As the United States becomes more and more divided, we are seeing the effects seep into our daily lives. We suffer in our relationships and businesses. Healthcare is one of the main topics of disagreement. Is private insurance or medicare-for-all better? Why do prescriptions cost so much? Fundamental differences in healthcare opinions have made our system more fragile than ever.
Trust plays a role in each of these disagreements. Should you trust medical recommendations from the government? How do you know that your doctor was not bought out by big pharma? These questions are real and run through the minds of many Americans. In the case of vaccines, the disagreement hurts everyone.
Hurdles to herd immunity
Herd Immunity: A situation in which a sufficient proportion of a population is immune to an infectious disease to make its spread from person to person unlikely. Even individuals not vaccinated are offered some protection because the disease has little opportunity to spread within the community.
Herd immunity is vital in reducing the spread of disease and protecting those who can not protect themselves. Researchers wanted to examine the barriers to herd immunity by assessing parental trust in the government.
Source: Hurdles to herd immunity: Distrust of government and vaccine refusal in the US, 2002–2003
Researchers received the completed surveys of 1,253 parents from 112 private and public elementary schools in Colorado, Massachusetts, Missouri, and Washington from 2002 to 2003. Children were either vaccinated or stated a non-medical exemption from vaccination. A non-medical exemption means that the parents got permission to send their non-vaccinated child to school from a source other than their doctor.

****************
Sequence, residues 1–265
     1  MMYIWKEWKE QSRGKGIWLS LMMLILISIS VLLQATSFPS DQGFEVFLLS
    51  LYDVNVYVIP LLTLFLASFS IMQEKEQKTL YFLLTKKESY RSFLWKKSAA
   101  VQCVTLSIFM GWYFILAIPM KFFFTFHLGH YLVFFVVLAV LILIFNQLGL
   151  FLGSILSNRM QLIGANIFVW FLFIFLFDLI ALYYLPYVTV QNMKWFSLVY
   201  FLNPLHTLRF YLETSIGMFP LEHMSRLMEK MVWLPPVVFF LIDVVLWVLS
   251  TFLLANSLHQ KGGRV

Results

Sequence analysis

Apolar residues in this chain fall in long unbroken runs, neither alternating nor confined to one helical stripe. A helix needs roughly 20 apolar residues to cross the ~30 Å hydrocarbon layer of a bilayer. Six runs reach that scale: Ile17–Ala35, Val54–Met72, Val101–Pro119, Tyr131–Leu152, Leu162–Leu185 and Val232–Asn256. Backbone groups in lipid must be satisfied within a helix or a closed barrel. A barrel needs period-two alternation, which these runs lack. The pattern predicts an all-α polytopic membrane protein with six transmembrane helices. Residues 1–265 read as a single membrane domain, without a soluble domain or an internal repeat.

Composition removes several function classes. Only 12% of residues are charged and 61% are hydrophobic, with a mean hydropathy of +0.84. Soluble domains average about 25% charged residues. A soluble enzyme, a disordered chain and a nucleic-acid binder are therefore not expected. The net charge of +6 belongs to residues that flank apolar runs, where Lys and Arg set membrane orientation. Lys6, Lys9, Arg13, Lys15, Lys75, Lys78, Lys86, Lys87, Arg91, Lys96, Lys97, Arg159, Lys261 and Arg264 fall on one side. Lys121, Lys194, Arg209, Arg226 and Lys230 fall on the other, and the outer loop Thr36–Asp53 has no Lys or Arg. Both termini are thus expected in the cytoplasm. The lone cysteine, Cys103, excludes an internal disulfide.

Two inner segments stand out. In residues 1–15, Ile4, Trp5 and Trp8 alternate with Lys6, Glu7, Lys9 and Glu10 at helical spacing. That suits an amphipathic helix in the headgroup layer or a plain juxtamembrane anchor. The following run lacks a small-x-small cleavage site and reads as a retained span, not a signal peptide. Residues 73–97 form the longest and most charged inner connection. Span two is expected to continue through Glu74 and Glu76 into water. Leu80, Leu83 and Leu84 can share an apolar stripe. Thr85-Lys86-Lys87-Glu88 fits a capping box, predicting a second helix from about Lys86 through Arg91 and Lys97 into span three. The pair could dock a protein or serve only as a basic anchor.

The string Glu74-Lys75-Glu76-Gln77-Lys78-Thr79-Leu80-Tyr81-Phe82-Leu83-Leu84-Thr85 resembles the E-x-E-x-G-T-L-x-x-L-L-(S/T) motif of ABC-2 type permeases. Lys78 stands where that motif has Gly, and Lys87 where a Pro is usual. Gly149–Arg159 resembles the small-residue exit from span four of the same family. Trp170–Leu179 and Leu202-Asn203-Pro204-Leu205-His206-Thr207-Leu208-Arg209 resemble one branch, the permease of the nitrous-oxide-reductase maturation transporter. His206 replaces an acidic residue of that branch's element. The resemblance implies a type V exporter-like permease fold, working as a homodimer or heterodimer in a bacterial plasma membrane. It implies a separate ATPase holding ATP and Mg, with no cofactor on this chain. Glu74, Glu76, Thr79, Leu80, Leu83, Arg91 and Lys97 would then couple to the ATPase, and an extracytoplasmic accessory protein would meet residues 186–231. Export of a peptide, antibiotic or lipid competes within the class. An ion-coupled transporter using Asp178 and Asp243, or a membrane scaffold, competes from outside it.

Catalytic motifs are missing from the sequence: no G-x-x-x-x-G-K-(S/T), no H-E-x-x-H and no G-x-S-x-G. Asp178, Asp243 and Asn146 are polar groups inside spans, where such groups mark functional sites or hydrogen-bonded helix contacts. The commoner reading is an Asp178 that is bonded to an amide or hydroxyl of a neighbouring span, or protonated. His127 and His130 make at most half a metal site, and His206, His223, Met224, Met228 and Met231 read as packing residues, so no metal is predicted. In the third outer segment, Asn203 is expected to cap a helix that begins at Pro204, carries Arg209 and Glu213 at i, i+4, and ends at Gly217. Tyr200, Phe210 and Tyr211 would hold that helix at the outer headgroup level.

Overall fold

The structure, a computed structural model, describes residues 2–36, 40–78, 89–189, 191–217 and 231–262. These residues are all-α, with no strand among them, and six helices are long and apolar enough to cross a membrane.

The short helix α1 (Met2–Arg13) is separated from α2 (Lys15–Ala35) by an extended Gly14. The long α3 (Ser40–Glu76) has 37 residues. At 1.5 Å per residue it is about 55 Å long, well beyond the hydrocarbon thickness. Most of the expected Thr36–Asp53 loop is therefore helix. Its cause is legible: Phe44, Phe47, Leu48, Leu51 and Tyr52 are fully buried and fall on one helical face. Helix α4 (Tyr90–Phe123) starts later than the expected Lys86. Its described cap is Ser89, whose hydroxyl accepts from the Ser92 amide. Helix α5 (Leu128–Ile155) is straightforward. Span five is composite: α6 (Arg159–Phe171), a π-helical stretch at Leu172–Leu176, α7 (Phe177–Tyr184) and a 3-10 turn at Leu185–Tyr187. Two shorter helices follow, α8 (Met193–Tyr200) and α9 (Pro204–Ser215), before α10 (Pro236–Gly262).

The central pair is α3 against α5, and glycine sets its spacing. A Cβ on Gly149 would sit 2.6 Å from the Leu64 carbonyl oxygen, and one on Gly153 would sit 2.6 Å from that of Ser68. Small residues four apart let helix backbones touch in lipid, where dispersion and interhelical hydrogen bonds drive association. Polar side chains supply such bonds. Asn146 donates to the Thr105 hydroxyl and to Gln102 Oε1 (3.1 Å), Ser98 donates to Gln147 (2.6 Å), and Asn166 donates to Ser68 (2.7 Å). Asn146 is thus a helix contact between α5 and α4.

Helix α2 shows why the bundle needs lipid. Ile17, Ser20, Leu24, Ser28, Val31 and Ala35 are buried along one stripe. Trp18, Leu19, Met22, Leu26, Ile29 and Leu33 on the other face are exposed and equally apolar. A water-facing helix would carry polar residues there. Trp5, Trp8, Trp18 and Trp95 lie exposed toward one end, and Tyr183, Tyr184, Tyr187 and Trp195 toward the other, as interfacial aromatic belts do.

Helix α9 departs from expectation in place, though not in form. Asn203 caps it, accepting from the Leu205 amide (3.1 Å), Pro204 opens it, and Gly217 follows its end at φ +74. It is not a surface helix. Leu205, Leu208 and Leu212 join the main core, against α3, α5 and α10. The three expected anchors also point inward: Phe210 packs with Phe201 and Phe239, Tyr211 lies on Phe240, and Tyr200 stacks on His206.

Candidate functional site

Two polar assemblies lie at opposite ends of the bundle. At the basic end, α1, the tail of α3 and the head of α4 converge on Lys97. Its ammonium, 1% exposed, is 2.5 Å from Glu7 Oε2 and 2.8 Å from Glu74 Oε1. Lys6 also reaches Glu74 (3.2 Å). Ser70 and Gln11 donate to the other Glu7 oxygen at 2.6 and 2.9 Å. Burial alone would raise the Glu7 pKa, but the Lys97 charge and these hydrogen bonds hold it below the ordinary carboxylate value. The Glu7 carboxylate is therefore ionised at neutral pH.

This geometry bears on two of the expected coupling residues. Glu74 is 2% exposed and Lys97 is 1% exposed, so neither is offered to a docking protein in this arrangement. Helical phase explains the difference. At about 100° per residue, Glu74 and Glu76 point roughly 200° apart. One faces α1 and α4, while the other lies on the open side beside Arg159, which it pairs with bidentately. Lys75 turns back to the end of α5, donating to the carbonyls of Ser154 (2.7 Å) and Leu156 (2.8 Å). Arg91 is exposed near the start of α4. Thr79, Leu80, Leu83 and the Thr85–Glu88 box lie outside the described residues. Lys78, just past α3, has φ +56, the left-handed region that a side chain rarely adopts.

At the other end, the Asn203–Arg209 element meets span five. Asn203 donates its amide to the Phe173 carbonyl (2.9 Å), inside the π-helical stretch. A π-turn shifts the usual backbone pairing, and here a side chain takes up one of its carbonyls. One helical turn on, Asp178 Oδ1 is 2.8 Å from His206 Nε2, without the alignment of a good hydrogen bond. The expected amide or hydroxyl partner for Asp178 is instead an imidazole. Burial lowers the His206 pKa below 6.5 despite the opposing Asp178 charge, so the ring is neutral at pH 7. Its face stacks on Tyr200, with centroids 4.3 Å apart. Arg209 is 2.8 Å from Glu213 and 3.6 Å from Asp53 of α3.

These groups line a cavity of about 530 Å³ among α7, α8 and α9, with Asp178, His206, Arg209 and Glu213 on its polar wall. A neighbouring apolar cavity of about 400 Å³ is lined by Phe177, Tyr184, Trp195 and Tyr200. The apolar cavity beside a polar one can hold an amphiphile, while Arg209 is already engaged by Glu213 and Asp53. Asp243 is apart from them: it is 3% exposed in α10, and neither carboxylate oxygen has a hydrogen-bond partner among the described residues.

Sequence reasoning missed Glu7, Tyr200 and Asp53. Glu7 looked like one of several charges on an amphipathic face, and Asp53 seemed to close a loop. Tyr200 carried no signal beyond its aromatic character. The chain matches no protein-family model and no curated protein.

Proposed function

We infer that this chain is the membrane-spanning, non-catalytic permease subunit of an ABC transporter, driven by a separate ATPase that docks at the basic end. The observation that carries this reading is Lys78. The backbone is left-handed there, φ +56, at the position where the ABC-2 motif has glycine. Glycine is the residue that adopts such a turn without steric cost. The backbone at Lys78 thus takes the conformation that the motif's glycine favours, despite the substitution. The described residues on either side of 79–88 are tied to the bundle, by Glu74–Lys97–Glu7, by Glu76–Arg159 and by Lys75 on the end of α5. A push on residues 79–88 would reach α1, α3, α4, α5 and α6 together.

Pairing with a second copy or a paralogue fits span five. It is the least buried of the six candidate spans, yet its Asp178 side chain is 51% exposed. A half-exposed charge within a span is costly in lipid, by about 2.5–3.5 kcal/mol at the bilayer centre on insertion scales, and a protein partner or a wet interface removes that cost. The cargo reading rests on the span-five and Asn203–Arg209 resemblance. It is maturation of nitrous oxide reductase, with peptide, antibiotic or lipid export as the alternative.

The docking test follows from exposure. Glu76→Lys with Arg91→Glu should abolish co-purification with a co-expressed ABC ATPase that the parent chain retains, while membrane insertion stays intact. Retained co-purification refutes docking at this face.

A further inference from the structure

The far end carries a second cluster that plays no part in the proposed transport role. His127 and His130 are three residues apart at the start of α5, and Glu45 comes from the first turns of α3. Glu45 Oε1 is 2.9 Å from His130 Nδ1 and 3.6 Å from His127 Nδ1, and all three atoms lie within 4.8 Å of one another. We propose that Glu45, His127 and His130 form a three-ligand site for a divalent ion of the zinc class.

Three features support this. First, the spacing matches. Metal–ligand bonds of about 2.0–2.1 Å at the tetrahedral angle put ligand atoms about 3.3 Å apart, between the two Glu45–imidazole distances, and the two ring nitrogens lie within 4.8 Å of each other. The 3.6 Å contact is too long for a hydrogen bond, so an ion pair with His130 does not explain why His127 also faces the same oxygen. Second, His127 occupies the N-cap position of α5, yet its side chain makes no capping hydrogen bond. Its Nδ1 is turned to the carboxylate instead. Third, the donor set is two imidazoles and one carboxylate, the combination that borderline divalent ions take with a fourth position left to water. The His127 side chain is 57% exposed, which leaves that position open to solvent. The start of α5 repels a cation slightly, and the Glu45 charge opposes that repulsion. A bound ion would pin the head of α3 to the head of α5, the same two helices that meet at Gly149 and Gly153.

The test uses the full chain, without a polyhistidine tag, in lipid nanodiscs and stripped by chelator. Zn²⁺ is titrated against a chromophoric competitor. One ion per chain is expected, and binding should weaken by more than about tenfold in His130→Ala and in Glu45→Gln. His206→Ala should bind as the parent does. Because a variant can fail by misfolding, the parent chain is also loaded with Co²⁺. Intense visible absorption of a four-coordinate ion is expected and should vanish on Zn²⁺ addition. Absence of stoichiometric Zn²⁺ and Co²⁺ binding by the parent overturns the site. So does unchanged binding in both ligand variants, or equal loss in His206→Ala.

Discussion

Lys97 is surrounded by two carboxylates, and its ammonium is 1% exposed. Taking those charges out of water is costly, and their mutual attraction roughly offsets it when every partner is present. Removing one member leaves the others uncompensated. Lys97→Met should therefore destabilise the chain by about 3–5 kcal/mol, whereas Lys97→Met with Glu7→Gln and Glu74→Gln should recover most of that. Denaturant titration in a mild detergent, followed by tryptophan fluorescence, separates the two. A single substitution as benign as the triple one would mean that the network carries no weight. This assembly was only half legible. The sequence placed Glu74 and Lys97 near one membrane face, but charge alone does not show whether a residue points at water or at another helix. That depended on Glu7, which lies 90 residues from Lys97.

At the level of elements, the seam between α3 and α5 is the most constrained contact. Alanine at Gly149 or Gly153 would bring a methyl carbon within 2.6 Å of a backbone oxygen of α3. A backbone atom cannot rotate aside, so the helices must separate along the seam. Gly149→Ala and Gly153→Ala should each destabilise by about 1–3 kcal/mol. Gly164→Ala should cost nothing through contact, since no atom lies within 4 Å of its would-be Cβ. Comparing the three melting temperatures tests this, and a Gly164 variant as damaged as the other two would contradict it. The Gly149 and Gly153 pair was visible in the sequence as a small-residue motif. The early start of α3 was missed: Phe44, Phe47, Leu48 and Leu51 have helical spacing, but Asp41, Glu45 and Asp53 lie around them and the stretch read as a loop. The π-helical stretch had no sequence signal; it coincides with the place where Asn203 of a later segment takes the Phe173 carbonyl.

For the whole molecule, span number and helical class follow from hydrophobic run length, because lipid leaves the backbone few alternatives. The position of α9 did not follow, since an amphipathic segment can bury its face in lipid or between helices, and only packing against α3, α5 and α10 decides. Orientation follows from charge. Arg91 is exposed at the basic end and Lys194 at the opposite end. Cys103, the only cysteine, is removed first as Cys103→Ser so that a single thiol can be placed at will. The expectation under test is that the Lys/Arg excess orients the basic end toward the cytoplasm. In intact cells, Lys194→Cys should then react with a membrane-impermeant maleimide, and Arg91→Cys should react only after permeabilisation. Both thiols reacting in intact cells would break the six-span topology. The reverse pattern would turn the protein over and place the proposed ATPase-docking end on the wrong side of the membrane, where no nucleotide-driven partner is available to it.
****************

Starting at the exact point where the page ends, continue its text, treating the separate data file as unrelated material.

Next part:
The survey measured trust in government and public health messaging. It also recorded their beliefs about complementary or alternative medicines (CAM). CAM are therapies that are not medically sound or supported by evidence.
Education and age were similar across all groups. Interestingly, Parents who distrust the government attended religious services less often than those who trust in the government. Overall, those who distrust the government were significantly more likely to believe and behave against the advice of public offices. Some not only believe that government vaccine information is unreliable, but that it goes against the best interest of their child.
Who can you trust?
This study supports the theory that government distrust is a barrier to herd immunity. Those who distrust the government are more likely to believe and behave with disregard of the government's vaccine recommendations. It is important for community leaders to understand these beliefs before attempting to change them. Addressing these beliefs is necessary to ensure herd immunity and protect those who are medically ineligible for vaccinations.